Q: I do not think the managers in our organisation celebrate successes very well, but when we do try - for example, with staff newsletters - it seems a bit underwhelming. I cannot decide whether doing very local things is the best way, or something more corporate.

And how do we make sure It is not the same people being celebrated each time? How could I make it seem like people celebrating each other rather than something top-down?

A: What a pity that your managers do not celebrate success very well.

You can approach this on two levels.

Locally and day-to-day it is important to recognise success and acknowledge the contributions of individuals. Provided it is done with good judgement, there will be little cynicism. Praise fairly given does not only please the people who are praised. Colleagues take pleasure in genuine success and recognition. It is much better to do it in person.

The second level is to design a process that gives a sense of occasion. A good way to do this is to organise an awards event. I attended two recently and both went well. In the first case a process of nominations by patients, carers and staff, followed by panel discussion, led to a ceremony. I read out some of the nominations and it was moving to hear what people thought about the care they had received or witnessed.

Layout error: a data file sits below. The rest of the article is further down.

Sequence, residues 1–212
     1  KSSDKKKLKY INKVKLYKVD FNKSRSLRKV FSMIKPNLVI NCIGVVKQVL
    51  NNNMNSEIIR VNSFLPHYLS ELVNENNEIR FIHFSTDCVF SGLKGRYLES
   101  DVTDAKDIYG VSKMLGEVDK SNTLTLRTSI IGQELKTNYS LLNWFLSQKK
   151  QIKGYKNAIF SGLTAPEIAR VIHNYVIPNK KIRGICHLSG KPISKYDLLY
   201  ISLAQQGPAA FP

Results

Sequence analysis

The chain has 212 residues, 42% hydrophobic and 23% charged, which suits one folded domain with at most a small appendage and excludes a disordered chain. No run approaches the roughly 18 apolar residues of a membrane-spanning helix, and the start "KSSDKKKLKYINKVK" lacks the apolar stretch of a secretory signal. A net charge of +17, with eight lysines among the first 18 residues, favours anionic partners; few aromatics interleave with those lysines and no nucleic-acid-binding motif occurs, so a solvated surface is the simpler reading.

In the second event, people presented their work to a panel of judges, including a patient, and to an audience of colleagues. It was encouraging to hear the excellent work, to be reminded of the values, commitment, enthusiasm, skills and experience of the people of NHS employees.

It is good for colleagues to hear about what other people are doing. It is not unusual for work done in one department to be known by the same department in other trusts, sometimes even in other countries, but not by the people in other departments down the corridor.

Use these methods and there is a good chance you can have cynicism-free bottom-up celebration that means something to the people who matter.

Ken Jarrold is chief executive of County Durham and Tees Valley strategic health authority. E-mail in confidence to alexis.

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